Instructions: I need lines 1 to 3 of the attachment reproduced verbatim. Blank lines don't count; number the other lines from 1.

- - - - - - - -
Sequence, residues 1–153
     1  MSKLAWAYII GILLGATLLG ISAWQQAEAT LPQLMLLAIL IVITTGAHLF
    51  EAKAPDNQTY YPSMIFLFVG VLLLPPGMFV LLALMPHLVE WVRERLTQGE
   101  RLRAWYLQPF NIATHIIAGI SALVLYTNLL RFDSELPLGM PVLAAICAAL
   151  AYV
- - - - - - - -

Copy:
Sequence, residues 1–153
     1  MSKLAWAYII GILLGATLLG ISAWQQAEAT LPQLMLLAIL IVITTGAHLF
    51  EAKAPDNQTY YPSMIFLFVG VLLLPPGMFV LLALMPHLVE WVRERLTQGE